I’ll let you think about all that for a moment while we recap last month’s challenge, macro photography. There were over 265 comments and 50+ entries into the macro challenge that started in April – well done guys! Some of the things I noticed in the comments:
- Some people used macro lenses, a few used extension tubes, one person tried close-up filters, yet another tried reverse macro.
- All kinds of cameras were used from SLR, mirrorless, compact, point and shoot and one entry was even taken with an iPhone. Just proves there is no one or right way to do it, they all worked.
- There was lots of creativity in subject matter and some great images.
- I was thrilled to see you helping each other, and answering questions about your images. In particular tjeerd who mentioned the Raynox DCR-250 macro lens attachment and focus stacking and helped others try them out. Great job, way to be a team player and give back to the community, thank you!
To quote P James in his comment, “the macro lens provides that ability to view things a little differently” which I think sums up the challenge beautifully. So from all the eligible entries, one was randomly selected and the winner is . . .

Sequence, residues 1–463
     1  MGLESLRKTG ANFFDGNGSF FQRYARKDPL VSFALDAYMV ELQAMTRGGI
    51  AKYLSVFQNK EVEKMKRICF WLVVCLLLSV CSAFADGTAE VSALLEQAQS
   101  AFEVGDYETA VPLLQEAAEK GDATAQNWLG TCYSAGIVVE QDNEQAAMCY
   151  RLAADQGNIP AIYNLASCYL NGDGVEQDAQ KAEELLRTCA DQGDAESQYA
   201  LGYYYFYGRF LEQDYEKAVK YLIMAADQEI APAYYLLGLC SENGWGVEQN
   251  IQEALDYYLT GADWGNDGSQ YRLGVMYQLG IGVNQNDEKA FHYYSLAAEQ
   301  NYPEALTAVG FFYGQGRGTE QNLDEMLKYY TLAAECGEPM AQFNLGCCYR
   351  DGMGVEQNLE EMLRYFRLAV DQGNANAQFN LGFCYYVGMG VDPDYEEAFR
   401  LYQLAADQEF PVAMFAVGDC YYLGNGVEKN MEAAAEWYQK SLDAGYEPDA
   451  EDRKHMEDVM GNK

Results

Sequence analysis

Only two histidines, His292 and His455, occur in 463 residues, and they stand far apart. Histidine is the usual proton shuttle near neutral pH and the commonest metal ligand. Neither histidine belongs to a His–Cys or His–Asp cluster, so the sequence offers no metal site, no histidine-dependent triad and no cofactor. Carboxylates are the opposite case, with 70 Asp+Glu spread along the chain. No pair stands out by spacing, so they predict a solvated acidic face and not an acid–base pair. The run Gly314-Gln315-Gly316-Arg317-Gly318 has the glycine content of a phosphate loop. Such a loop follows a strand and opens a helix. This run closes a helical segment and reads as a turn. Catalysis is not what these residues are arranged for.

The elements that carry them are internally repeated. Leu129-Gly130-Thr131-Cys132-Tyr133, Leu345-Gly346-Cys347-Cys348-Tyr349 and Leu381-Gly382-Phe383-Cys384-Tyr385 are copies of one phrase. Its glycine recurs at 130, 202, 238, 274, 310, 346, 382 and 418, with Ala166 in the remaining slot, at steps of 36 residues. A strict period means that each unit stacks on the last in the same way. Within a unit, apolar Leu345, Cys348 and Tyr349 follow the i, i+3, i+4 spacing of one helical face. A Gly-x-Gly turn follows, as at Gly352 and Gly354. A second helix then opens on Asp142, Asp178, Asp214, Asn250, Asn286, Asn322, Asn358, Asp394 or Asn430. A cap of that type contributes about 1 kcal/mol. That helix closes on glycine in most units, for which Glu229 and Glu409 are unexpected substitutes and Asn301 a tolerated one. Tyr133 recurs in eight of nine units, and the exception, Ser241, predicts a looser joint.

Rita Heinrichs – congratulations!
Your copy of Don Komarechka’s book Sky Crystals will be on its way to you shortly.
Details for this month’s challenge – simplify
To be eligible to win the prize:
In order to participate in this challenge and be eligible for this prize you need to:
- Upload your SIMPLIFY photo to the comments section below
- Include your shooting data (camera, lens focal length, ISO, aperture, shutter speed).
- Tell us about your experience and what you learned by doing this challenge? Did you shoot differently than usual? Did you notice a difference in the resulting images? If you shared your images online elsewhere did you get good comments?
- Upload your photo and shooting info by the cut-off date of July 15th, 2016 (11:59 pm EST or UTC-5).
Please note: if you do NOT fulfill all the steps above your entry will not be valid. Just adding your photo will NOT be counted as an entry. I want to hear about it too please. The point of these challenges is to help you take better photos – tell me about that.
You may post more than one photo, and do this as many times as you like over the month (you can comment as many times as you like, and share as many photos as you want – but it will be counted as one entry per person). The more you practice the better you’ll get at it, like anything.
This month is all about learning. A great way to improve and grow is to have your images reviewed and to get constructive, helpful comments. So the prize for the winner this month is:
FIVE of your images reviewed by me!
I don’t normally do image reviews (once a year maybe), so this is a special one. I will take your images and do a spoken review of them, then record it to video for you to watch on a private page for your eyes only. When I do image reviews in my classroom sometimes there is some anxiety around that, but fear not.
- No one else will see this – just you, and whoever you share it with.
- I always find positive things to encourage you, and give a few tips on things you can either improve through post-processing, or in-camera next time.
- The goal is to make you feel good about your images and have something to move toward.